The Lord’s Supper, known as the communion service, is the memorial of Christ’s sacrifice and also points forward to His second coming. This service replaces the yearly Passover service of the Old Testament dispensation, but it is to be practiced more frequently, in harmony with our Lord’s instructions through Apostle Paul. Matthew 26:28, 29; 1 Corinthians 11:26.
Through the Lord’s Supper we participate in the emblems of the body and blood of our Lord Jesus and express our belief in, and acceptance of, His death on the cross as the only provision for our salvation. John 6:53-56, 63; Romans 5:10.
Since leaven and fermentation are often referred to as symbols of sin (1 Corinthians 5:7, 8), the Passover bread had to be unleavened and the Passover wine unfermented. Isaiah 65:8. With that same bread and wine Christ instituted the communion service.
As the Lord’s Supper is a symbol of our fellowship with Christ and with one another (“the communion of the body of Christ”), only the members of this body, His organized church on earth, participate in the ordinance service. Exodus 12:48; 1 Corinthians 10:16, 17; 12:12, 18, 20, 22.
A spiritual preparation—which includes heart-searching, repentance, confession, reconciliation and unity of faith (Ephesians 4:3, 4)—is required before we can participate in the ordinance of the Lord’s Supper. 1 Corinthians 11:18-20 (mgn); 27-29.
By partaking of the bread and wine, we show our repentance of sin and acceptance of Christ as our personal Saviour. The communion supper commemorates the suffering and death of Jesus and strengthens the church as a body, preserving her in meekness, love, and unity.
“In partaking with His disciples of the bread and wine, Christ pledged Himself to them as their Redeemer. He committed to them the new covenant, by which all who receive Him become children of God, and joint‑heirs with Christ. By this covenant every blessing that heaven could bestow for this life and the life to come, was theirs. This covenant deed was to be ratified with the blood of Christ. And the administration of the sacrament was to keep before the disciples the infinite sacrifice made for each of them individually as a part of the great whole of fallen humanity.”—The Desire of Ages, pp. 656-659.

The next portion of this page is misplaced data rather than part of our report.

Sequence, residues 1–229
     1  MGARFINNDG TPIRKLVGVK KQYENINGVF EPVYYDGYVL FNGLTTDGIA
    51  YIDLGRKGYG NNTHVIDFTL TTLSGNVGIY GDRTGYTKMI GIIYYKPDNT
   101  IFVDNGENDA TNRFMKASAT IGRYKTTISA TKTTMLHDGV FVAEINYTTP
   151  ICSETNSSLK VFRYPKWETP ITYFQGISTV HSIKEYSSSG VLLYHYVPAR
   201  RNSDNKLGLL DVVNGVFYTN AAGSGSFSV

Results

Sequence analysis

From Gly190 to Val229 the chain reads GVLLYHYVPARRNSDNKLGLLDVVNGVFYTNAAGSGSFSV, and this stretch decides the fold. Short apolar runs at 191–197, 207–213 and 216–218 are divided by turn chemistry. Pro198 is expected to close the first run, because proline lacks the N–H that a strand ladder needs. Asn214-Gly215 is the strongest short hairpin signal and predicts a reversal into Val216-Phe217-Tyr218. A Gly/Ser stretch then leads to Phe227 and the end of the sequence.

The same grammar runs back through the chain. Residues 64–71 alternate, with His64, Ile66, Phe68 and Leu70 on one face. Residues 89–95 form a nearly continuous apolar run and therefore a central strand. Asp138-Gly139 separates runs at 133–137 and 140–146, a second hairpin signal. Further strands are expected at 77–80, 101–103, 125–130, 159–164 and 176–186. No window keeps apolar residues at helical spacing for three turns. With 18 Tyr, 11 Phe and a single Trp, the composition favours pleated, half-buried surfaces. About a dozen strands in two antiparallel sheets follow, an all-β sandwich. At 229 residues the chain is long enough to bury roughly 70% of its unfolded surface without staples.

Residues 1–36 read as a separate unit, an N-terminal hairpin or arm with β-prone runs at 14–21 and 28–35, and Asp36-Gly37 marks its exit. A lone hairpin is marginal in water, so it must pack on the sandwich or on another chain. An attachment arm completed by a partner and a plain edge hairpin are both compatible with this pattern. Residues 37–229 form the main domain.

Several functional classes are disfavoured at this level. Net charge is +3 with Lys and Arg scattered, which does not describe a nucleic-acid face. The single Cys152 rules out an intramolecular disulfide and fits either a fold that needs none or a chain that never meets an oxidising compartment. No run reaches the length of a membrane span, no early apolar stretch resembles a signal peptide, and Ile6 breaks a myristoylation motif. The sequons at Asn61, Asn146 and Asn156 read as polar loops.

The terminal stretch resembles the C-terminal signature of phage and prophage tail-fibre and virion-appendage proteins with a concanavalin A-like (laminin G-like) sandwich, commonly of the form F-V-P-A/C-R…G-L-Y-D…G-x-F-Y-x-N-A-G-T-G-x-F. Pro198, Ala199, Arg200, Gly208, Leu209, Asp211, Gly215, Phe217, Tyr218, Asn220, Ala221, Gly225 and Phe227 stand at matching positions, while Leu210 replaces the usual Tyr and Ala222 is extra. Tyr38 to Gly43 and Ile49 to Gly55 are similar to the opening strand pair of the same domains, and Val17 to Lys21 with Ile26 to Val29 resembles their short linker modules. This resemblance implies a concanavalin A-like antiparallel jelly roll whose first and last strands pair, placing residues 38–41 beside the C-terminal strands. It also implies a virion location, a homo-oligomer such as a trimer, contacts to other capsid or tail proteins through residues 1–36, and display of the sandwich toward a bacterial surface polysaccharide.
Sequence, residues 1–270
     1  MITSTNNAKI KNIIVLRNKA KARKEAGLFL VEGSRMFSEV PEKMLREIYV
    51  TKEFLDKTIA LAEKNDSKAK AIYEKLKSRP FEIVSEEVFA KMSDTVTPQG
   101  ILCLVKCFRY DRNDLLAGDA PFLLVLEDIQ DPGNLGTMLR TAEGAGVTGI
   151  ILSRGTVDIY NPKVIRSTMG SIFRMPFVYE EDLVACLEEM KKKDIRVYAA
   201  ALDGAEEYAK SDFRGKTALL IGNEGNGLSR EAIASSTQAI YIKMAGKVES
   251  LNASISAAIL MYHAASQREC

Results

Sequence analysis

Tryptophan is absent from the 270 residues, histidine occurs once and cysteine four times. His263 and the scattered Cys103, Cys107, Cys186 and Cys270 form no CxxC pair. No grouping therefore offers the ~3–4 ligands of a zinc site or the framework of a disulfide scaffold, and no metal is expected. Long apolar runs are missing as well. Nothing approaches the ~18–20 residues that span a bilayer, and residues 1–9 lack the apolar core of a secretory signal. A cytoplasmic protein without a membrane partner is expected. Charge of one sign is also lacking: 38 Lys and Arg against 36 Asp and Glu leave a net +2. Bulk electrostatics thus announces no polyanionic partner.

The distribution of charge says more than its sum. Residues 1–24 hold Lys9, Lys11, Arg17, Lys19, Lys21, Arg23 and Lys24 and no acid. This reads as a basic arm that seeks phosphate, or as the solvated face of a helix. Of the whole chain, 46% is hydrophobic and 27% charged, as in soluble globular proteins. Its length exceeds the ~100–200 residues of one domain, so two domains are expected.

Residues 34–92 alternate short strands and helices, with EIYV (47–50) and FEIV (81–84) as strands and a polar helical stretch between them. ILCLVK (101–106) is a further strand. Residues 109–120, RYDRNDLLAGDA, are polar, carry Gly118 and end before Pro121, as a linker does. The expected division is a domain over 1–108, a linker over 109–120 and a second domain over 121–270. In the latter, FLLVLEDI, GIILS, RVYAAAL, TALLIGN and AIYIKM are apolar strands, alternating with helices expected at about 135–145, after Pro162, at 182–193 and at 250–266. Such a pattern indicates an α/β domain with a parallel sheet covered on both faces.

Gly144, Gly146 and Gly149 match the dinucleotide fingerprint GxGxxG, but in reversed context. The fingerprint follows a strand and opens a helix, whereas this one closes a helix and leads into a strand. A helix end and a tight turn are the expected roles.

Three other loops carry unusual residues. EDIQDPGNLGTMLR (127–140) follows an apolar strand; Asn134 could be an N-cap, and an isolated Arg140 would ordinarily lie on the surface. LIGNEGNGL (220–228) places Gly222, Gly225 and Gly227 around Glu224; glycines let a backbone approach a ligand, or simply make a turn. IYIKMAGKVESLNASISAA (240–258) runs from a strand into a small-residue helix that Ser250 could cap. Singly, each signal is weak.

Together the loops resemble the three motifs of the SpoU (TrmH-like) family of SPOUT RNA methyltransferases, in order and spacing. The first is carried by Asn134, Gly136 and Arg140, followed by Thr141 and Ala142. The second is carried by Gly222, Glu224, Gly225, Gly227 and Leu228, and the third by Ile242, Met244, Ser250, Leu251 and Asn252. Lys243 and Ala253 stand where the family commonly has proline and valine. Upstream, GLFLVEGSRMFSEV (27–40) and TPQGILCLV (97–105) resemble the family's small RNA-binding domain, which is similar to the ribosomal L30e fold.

“It is by receiving the life for us poured out on Calvary’s cross, that we can live the life of holiness. And this life we receive by receiving His word, by doing those things which He has commanded. Thus we become one with Him. ‘He that eateth My flesh,’ He says, ‘and drinketh My blood, dwelleth in Me, and I in him. As the living Father hath sent Me, and I live by the Father; so he that eateth Me, even he shall live by Me.’ (John 6:54, 56, 57.) To the holy communion this scripture in a special sense applies. As faith contemplates our Lord’s great sacrifice, the soul assimilates the spiritual life of Christ.”—The Desire of Ages, pp. 660-661.
“The salvation of men depends upon a continual application to their hearts of the cleansing blood of Christ. Therefore, the Lord’s supper was not to be observed only occasionally or yearly, but more frequently than the annual passover.”—Spirit of Prophecy, vol. 1, p. 203.
“Our Lord has said, ‘Except ye eat the flesh of the Son of man, and drink His blood, ye have no life in you. . . . For My flesh is meat indeed, and My blood is drink indeed.’ John 6:53-55. This is true of our physical nature. To the death of Christ we owe even this earthly life. The bread we eat is the purchase of His broken body. The water we drink is bought by His spilled blood. Never one, saint or sinner, eats his daily food, but he is nourished by the body and the blood of Christ. The cross of Calvary is stamped on every loaf. It is reflected in every water spring. All this Christ has taught in appointing the emblems of His great sacrifice. The light shining from that Communion service in the upper chamber makes sacred the provisions for our daily life. The family board becomes as the table of the Lord, and every meal a sacrament.”—Desire of Ages, p. 660.